“Let us resolve that never again will we send the precious young blood of this country to die trying to prop up a corrupt military dictatorship abroad. This is also the time to turn away from excessive preoccupation overseas to the rebuilding of our own nation. America must be restored to a proper role in the world. But we can do that only through the recovery of confidence in ourselves…. together we will call America home to the ideals that nourished us from the beginning.”—George S. McGovern, former Senator and presidential candidate

It’s time to bring all our troops home.

Bring them home from Somalia, Iraq and Syria. Bring them home from Germany, South Korea and Japan. Bring them home from Saudi Arabia, Jordan and Oman. Bring them home from Niger, Chad and Mali. Bring them home from Turkey, the Philippines, and northern Australia.

It’s not enough to pull American troops out of Afghanistan, America’s longest, bloodiest and most expensive war to date.

It’s time that we stop policing the globe, stop occupying other countries, and stop waging endless wars.

That’s not what’s going to happen, of course.

The U.S. military reportedly has more than 1.3 million men and women on active duty, with more than 200,000 of them stationed overseas in nearly every country in the world.

Those numbers are likely significantly higher in keeping with the Pentagon’s policy of not fully disclosing where and how many troops are deployed for the sake of “operational security and denying the enemy any advantage.” As investigative journalist David Vine explains, “Although few Americans realize it, the United States likely has more bases in foreign lands than any other people, nation, or empire in history.”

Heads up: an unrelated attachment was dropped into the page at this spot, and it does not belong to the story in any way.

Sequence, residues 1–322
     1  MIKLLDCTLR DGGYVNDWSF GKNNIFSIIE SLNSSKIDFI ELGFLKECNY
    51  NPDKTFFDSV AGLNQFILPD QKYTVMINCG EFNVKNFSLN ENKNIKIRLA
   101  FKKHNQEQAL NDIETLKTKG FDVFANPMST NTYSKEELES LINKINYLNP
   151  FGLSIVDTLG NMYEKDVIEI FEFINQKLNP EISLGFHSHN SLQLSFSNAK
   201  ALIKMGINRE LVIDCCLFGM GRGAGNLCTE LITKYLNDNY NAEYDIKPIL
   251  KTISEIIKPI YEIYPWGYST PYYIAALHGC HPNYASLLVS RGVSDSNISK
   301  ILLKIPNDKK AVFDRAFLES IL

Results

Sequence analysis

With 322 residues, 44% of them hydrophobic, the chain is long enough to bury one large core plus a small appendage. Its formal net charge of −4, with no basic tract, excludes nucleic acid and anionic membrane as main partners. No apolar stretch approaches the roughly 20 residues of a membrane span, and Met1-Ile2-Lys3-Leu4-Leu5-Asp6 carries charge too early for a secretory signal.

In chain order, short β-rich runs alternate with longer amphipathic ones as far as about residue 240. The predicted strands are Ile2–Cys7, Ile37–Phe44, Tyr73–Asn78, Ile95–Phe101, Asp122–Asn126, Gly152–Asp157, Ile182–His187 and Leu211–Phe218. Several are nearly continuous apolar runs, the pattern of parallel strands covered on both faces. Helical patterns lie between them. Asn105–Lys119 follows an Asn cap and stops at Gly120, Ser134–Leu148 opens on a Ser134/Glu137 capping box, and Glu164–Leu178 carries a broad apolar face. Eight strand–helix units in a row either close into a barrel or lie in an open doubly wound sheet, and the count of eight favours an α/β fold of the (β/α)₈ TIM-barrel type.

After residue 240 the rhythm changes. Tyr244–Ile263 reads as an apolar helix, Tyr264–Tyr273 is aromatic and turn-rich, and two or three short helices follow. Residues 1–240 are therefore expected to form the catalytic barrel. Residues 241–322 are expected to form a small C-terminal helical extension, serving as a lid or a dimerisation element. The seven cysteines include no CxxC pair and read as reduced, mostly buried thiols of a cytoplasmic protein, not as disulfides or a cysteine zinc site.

Don’t fall for the propaganda, though.

America’s military forces aren’t being deployed abroad to protect our freedoms here at home. Rather, they’re being used to guard oil fields, build foreign infrastructure and protect the financial interests of the corporate elite. In fact, the United States military spends about $81 billion a year just to protect oil supplies around the world.

The reach of America’s military empire includes close to 800 bases in as many as 160 countries, operated at a cost of more than $156 billion annually. As Vine reports, “Even US military resorts and recreation areas in places like the Bavarian Alps and Seoul, South Korea, are bases of a kind. Worldwide, the military runs more than 170 golf courses.”

This is how a military empire occupies the globe.

Continue reading→

Afghanistan: A Tragically Stupid War Comes to a Tragic End, by Ron Paul